Bannon’s head was spinning. “We won at Ostagar?”
“Yes,” Duncan said.
“And… Lothering? The Blight didn’t–? The darkspawn horde didn’t go north?”
“Nope,” said Alistair.
“But I remember… We went to the mage tower. There were demons and Blood Mages…” The ache behind his eyes grew sharper. He rubbed his forehead again. “We had to… stop this mage named Uldred.”
“Yes, we did that,” Alistair said. “We defeated Uldred.”
“All right, wait. If we won at Ostagar, why did we need to go to the mage tower?”
Duncan and Alistair looked at each other. Alistair said, “Well, we found those treaties, right?”
“So we had to take them to gather our allies. To Ostagar. Right?”
“Yeah… I guess?”
“Right, so we brought the mages there, and the dwarves and the Dalish.”
“I don’t remember those.”
“Well, those weren’t anywhere near as hard, were they?” Alistair said cheerily. “Just pop on by, wave the treaty, and they came right away.”
“And Arl Eamon? We went to Redcliffe for troops, too?”
“He was sick?”
“No, he’s fine.”
“And our friends?” Bannon said. His thoughts flitted around wildly, trying to piece together the puzzle around the holes in his memory. “What happened to them?”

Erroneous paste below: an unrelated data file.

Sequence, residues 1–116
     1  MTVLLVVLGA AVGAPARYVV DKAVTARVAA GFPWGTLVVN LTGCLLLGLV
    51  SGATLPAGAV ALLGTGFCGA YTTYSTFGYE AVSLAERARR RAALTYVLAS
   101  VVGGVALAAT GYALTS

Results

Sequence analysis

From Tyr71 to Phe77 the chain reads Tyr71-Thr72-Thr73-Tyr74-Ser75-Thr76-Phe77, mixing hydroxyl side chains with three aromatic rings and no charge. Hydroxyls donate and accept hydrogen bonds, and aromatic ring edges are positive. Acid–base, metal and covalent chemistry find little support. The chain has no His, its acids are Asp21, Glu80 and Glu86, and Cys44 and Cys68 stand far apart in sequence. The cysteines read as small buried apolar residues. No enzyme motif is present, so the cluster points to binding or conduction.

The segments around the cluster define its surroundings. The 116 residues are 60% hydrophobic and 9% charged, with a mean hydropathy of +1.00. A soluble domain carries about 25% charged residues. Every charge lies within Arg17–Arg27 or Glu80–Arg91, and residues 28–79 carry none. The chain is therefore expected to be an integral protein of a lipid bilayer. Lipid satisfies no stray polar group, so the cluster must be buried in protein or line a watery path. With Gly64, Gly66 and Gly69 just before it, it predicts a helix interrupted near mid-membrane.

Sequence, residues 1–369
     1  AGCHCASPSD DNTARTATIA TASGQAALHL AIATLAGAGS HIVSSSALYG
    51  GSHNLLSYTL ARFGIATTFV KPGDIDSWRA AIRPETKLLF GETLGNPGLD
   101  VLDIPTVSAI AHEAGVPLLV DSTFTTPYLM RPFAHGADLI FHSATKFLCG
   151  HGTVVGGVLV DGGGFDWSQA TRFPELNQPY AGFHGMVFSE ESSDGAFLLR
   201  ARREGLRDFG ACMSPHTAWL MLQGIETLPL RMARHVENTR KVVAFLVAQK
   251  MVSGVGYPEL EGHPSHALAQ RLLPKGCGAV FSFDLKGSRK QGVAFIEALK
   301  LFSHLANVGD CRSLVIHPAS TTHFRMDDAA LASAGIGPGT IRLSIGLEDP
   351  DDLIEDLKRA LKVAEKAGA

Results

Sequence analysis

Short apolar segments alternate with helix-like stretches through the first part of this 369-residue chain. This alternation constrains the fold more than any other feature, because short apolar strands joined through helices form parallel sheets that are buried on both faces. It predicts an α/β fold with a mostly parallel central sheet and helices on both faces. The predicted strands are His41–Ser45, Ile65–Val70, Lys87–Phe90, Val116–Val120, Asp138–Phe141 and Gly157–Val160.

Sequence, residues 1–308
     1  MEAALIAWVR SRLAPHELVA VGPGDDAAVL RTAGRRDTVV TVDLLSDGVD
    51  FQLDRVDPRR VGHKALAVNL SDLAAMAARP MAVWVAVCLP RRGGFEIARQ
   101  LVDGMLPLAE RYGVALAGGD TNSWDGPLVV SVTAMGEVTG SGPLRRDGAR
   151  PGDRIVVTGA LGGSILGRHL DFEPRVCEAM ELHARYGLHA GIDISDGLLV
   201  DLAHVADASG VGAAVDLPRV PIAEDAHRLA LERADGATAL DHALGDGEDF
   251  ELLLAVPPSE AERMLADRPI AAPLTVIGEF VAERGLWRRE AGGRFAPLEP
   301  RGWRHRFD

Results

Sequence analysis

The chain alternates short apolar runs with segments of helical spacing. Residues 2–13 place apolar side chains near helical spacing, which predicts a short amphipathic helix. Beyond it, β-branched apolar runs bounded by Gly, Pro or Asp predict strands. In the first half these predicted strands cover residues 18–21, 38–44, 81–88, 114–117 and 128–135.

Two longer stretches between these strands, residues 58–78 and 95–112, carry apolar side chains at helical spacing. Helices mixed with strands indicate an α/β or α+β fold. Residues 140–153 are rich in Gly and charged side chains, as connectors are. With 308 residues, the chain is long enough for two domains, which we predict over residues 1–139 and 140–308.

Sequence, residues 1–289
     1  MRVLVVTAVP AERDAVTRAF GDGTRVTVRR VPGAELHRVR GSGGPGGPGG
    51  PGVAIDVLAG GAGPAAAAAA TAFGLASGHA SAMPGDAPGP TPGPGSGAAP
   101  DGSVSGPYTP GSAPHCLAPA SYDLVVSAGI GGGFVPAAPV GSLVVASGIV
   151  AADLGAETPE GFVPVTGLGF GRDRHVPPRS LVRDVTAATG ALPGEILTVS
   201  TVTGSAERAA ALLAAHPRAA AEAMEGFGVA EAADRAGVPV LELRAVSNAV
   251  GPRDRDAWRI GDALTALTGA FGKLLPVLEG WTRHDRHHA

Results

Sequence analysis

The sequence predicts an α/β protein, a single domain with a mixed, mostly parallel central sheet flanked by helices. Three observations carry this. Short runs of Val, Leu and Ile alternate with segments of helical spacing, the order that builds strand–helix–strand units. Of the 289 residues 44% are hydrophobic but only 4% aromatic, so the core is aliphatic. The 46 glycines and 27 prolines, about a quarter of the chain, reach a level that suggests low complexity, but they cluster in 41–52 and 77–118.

“They went home,” Alistair said.
“All of them?”
“Yep. After the final battle, and the celebrations and parades….”
“Sten? And Zevran?”
“Yes, all of them. That’s why they helped us. They wanted to stop the Blight so it was safe to go home.”
Bannon tried to digest it all. It seemed reasonable? He was here now, wasn’t he? Something was still missing. He wished he could figure out what.
“Here, come with me,” Duncan said. He led Bannon aside to a scribe’s desk, filled with a huge tome. “This is the chronicle,” Duncan told him. “You’ve been working on it, when your memory has been intact. I think it will help everything become clear.”
Bannon frowned at the book, but Duncan rather insistently had him sit down and start reading.
The dwarves held the flanking pass, he read; shields locked together, the line bristling with spears. No matter how many times the darkspawn hurled themselves upon it, the line would not break. Massive ballistae rolled up behind them, preparing for the appearance of the Archdemon.